Dublin accounts for half of state tax take

DUBLIN’S dominance of the Irish economy is confirmed in new Government figures showing that the capital accounted for more than half of the state’s tax take in 2008.

Figures provided by Finance Minister Brian Lenihan show the tax take from Dublin city and county in 2008 accounted for €16.7 billion of the €31.7bn collected.

The latest figures available, provided in a Dáil response to Fine Gael deputy Leo Varadkar, shows that €5bn in PAYE was paid by Dublin-based workers in 2008 and €3.1bn was paid in corporation taxes by companies with registered offices in Dublin.

Cork city and county was the next highest area in terms of tax receipts, with Cork paying €2.7bn in tax in 2008, including €388 million in corporation taxes, compared to an overall pay- out of €3.1bn in 2007.

The large amounts paid in tax in Dublin are in stark contrast to Longford, the county that paid the smallest amount of tax during 2007 and 2008.

The figures show that in 2008, the amount of tax paid in Longford was €95m, following a payment of €122m in 2007.

The statistics show that the next-lowest amount was paid in Leitrim where €126.7m was paid in tax in 2008, representing a slight increase on the €125.9m paid in 2007.

The mid-west has the highest regional rate of unemployment in the country, resulting in the Government establishing a task force for the region, headed by Denis Brosnan. The task force is due to lodge its final report by September-October of this year.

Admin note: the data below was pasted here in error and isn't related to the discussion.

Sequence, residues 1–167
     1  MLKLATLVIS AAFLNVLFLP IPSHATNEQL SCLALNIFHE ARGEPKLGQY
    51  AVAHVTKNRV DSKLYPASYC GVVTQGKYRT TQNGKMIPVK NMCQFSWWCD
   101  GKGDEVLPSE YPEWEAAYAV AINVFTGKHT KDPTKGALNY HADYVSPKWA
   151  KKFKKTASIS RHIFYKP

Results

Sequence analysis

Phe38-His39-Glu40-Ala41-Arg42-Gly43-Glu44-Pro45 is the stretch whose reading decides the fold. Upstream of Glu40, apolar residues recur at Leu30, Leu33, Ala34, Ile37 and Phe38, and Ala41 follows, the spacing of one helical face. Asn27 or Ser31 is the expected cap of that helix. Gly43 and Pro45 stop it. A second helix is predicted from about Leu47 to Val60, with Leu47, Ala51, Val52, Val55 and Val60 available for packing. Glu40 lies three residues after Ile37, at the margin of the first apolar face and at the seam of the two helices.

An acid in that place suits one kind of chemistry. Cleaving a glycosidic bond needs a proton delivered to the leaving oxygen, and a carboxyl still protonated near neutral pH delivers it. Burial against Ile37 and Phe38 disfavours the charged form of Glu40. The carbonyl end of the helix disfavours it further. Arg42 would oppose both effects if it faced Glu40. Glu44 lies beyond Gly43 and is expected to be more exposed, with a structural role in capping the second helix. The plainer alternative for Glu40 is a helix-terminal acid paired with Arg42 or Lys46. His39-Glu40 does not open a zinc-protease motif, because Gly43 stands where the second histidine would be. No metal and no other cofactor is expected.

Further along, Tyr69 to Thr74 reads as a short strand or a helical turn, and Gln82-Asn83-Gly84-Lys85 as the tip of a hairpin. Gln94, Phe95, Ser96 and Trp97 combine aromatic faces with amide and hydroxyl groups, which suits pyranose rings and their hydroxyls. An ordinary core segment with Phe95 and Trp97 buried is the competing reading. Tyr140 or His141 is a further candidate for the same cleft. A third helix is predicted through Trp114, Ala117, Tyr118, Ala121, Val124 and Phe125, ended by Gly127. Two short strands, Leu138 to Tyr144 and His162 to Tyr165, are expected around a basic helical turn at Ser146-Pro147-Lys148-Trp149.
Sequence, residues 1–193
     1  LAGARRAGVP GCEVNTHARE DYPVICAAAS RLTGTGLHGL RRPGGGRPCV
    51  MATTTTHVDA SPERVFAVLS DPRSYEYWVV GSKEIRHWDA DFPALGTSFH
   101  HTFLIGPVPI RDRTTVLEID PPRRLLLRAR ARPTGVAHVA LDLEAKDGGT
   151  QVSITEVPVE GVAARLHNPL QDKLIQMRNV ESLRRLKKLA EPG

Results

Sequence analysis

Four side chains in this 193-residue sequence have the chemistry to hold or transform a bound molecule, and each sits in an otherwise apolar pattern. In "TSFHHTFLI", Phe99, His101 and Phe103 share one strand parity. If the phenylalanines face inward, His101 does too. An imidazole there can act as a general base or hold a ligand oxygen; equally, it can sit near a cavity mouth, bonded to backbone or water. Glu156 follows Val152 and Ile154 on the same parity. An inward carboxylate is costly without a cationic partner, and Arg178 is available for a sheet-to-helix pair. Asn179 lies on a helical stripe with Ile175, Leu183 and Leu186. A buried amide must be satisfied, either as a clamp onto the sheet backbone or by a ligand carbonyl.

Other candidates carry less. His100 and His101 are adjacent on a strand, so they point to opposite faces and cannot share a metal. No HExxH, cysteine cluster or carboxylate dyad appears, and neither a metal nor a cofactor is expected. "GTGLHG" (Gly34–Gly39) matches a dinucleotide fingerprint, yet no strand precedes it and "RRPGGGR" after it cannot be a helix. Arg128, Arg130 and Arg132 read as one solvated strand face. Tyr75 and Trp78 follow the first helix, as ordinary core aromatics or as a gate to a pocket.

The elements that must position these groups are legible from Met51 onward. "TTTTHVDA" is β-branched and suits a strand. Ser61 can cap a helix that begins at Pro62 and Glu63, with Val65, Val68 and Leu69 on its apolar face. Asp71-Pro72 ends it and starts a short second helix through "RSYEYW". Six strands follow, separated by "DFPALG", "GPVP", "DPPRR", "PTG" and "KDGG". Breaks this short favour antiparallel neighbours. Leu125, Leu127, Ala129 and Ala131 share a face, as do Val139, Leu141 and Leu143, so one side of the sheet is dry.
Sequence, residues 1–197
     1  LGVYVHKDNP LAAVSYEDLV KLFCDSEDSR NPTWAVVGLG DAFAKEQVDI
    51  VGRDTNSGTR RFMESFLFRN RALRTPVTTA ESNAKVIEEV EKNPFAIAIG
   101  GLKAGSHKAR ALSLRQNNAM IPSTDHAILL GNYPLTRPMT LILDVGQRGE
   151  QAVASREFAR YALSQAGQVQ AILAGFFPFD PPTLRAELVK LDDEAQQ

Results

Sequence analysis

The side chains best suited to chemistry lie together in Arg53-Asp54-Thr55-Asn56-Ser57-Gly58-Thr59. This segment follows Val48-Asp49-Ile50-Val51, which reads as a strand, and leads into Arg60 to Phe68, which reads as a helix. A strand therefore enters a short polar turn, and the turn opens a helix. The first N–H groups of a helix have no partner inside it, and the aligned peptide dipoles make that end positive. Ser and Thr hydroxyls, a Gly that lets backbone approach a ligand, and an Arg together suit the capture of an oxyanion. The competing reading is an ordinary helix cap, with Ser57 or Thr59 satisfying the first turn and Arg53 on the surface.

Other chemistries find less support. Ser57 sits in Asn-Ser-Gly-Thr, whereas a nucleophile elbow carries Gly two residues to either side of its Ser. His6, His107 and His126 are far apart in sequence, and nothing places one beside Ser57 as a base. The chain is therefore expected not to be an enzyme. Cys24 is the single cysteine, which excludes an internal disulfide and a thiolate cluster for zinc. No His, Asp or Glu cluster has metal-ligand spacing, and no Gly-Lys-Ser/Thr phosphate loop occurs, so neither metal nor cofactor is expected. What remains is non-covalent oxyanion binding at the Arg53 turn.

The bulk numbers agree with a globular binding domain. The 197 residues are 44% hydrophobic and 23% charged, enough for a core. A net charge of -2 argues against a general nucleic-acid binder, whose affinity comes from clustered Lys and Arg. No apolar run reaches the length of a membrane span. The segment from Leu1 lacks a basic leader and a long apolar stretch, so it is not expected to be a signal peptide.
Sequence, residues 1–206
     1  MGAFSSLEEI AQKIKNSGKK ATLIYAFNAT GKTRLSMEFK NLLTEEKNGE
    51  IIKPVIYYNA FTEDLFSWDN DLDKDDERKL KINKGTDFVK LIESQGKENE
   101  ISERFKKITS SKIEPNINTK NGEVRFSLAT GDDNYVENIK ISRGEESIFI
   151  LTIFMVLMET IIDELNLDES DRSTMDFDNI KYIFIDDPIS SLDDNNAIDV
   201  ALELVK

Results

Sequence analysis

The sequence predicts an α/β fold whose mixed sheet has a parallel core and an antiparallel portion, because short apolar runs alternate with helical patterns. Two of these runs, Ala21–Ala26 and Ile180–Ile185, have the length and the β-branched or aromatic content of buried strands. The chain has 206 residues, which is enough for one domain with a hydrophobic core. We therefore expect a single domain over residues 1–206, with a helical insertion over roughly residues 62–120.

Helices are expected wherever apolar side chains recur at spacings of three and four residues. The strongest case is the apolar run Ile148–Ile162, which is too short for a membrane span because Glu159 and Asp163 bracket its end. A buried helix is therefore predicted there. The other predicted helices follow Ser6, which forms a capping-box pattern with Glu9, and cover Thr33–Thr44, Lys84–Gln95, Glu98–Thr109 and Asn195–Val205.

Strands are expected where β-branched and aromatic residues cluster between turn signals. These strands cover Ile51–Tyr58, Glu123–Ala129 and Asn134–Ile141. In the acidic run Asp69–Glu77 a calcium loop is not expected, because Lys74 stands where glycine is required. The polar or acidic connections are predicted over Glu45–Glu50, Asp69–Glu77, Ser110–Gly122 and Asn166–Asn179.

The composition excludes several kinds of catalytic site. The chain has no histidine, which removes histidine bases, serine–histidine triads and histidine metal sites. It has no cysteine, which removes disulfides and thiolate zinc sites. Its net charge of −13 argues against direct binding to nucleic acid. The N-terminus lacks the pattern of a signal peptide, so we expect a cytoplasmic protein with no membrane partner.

However, the figures show that Limerick and Clare had the third and fourth-highest amounts respectively paid in corporation tax in 2008, with Limerick companies paying €218m and Clare -based companies – many located in the Shannon Free Zone – paying €139m.

The tax take is made up of PAYE taxes, VAT payments, non-PAYE, capital gains tax and corporation tax.

According to Mr Lenihan, the tables provided are the estimated breakdown of net receipts for income tax (PAYE & non-PAYE), domestic VAT, corporation tax and capital gains tax.

However, he added: “Basic data is not recorded in such a manner as would enable a breakdown by county to be provided in respect of the yield from stamp duties, capital acquisitions tax (including inheritance tax), customs, excise and VAT at the point of import.”

The figures show that the Government’s receipts from the taxes dropped by 8% or €4.3bn between 2007 and 2008.

Mr Lenihan also offered a “health warning” relating to the statistics. He stated: “In considering the data it should be noted that the amount of tax attributed to a county may not necessarily be an indication of economic activity in that county.”

He pointed out that an employer’s liability for PAYE is normally attributed to the county in which wages and salaries are paid, even though employees may work in different counties.

Firms are associated on the tax record with the county of the head office or branch with which contact is established for tax purposes, which may be different to the addresses of other branches.


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